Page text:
Old Friends Found in Funny Ways

Monica is the sixth child of Salvatore and Annalisa.

It is worth noting, just because it is, that a fifteen year old Salvatore lied about his age to get into the US Army and fought in the European theatre in World War II.  Upon getting out of the Army, he used the G.I. Bill to attend college and earn a PhD from Stanford.  He is an unmitigated intellectual badass with courage to spare and a drawer full of medals to prove it.

Monica seemed to have the wisdom, charm, and wit of her siblings running down hill to her.  She was one of that exceptionally rare breed of human – so kind, so interesting, so everything, that if you didn’t like Monica, it was probably your fault.  And for some reason, during her last year of grad school she chose to date me.

I was still pretty young too – fresh out of grad school and just starting to make a decent living. We were mostly up through the fall, briefly down in the winter, and the strangest of peaks and valleys that spring.  In retrospect, I am fairly sure that our inconsistent behavior, despite steady feelings, was primarily a product of two people adjusting too the new reality of adulthood.  I did have the pleasure of meeting her old a man just before Christmas and again at her graduation that spring.

Monica was stuck in New York for job interviews when she called and asked me to entertain her father until she could get back.  It happened to be the night of the inner office holiday party of the corporate titan for which I was consulting.  The party was held at one of the swanky pool hall/bar/lounge that became really popular in the mid 90s.  Being the pool snob that I was (fine, still am too) I had my sticks with me for the party and consequently when I walked in the hotel bar to meet Salvatore for the first time.

We had planned to grab a drink at the hotel and wait for Monica for a late dinner but as soon as he saw my cue case, Sal asked “someplace for us to get a game around here?”

I’ve mentioned my pool game before, and I’ve mentioned that I’m a pretty decent shot, but that doesn’t provide full context.  Standard pool ratings run from 2 to 7.  You’re average person playing in a bar that has a couple of coin operated tables is between a 2 and a 3.  The average person in my pool league is just better than a 4.  Back then, I ranged between a five and a six depending on how much I practiced.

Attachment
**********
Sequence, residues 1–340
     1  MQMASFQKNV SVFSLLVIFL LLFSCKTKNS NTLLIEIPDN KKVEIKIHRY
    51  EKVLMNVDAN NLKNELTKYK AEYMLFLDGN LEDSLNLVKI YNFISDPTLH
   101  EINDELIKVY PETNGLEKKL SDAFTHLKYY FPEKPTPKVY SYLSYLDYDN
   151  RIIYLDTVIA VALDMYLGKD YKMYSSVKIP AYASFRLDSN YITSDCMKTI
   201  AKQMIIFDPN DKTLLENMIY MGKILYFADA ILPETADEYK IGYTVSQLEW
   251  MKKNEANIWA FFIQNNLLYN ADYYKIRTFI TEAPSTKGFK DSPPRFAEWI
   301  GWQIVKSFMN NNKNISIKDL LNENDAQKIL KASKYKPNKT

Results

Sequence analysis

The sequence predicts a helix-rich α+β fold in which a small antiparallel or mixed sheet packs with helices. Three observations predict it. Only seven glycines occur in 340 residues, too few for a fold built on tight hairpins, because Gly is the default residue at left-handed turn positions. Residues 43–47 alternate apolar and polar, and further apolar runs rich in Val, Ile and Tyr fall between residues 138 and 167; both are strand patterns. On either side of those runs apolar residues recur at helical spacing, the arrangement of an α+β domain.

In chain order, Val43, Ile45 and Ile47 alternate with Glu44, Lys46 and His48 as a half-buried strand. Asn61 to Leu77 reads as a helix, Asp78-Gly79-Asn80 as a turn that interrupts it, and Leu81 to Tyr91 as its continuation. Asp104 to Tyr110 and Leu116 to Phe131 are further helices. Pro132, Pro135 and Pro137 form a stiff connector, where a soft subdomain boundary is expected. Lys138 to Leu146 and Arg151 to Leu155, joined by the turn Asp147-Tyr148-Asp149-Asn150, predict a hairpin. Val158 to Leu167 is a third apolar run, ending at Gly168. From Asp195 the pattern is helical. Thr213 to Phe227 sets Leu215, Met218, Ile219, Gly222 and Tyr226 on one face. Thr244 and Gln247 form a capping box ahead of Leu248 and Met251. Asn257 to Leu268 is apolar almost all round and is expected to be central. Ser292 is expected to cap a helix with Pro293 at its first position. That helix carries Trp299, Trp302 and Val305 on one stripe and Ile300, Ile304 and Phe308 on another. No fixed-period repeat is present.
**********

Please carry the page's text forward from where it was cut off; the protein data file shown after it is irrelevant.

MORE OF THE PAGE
A Short cab ride later we’re walking into my usual pool hall and headed for a corner table.  I was determined that I was not going be that guy – it’s bad enough that he knows I’m shtupping his daughter, does he really need to be a worse pool player too – but to make every game I lost look good.

In an odd way, I was playing incredibly well to just miss shots and have it appear that I really meant to hit them.  We played about a dozen games: I won three, Sal won three, and I gave him the other six.

Our conversation flowed easily and there was more of it than most games between serious competitors.  We really liked each other and, drank the same single malt.

By the time Monica arrived, Sal and I were full-on friends and I kept my losing percentage the same.  I was really proud of myself for losing so well.  When Monica went to the wash closest, Sal said to me “You know, Refugee, your games pretty good you should just practice some more.”

That burned a bit, but I was still in control.  A game later when Sal chortled at one of my misses and laughed “Poor Refugee, any time you get near the eight ball, you keep choking,” that was a bridge too far.

I didn’t quite run the next rack, but I wasn’t too far from it.

Sal just whispered in my ear “It’s about time you stopped laying down” and winked at me.

In return, I gave him my favorite line from the best pool movie ever.  “Just give me your best game, Fat Man, just give me your best.”

He laughed, and we continued playing until well after the place closed.

We played about even, if any one’s curious.

Salvatore died last week.  He leaves behind an amazing wife, six children, more grandchildren than I can count, and a really big fan on the other side of the country.


7 Responses to Old Friends Found in Funny Ways

  1. kitty says:

    a very nice memory. thanks for sharing.

    thank you for reading, and it was my pleasure.

  2. K says:

    So beautifully written, thank you. Makes me miss my grandpa, also a WWII vet who died just under a year ago. Men from that era seem to have a charm that is really lacking today. (Present company excluded, I love your blog and think you sound like an amazing gentleman.)

    Thank you for your very kind words. There is a damn good reason why that is known as The Greatest Generation.

  3. Lisa says:

    That was lovely. You’re good people, Refugee.

    Thank you.

  4. Christina says:

    I am sorry to hear that. Sometimes you just click with people that you never expected to.

    Actually, I always expected to like him… mostly because his daughter kept telling me that I would.

  5. Vittoria says:

    You meet the most intriguing people. I think that says more about you than it does anything else.

    I’d like to say that it has something to do with the karma of clean living, but we all know that would be a lie.

  6. Well written post about a memorable encounter. Thank you for sharing!

    Thank you, and it was my pleasure.

  7. When I go it is my wish that people remember me this vividly and this fondly.

    It is my wish for myself too, thank you.

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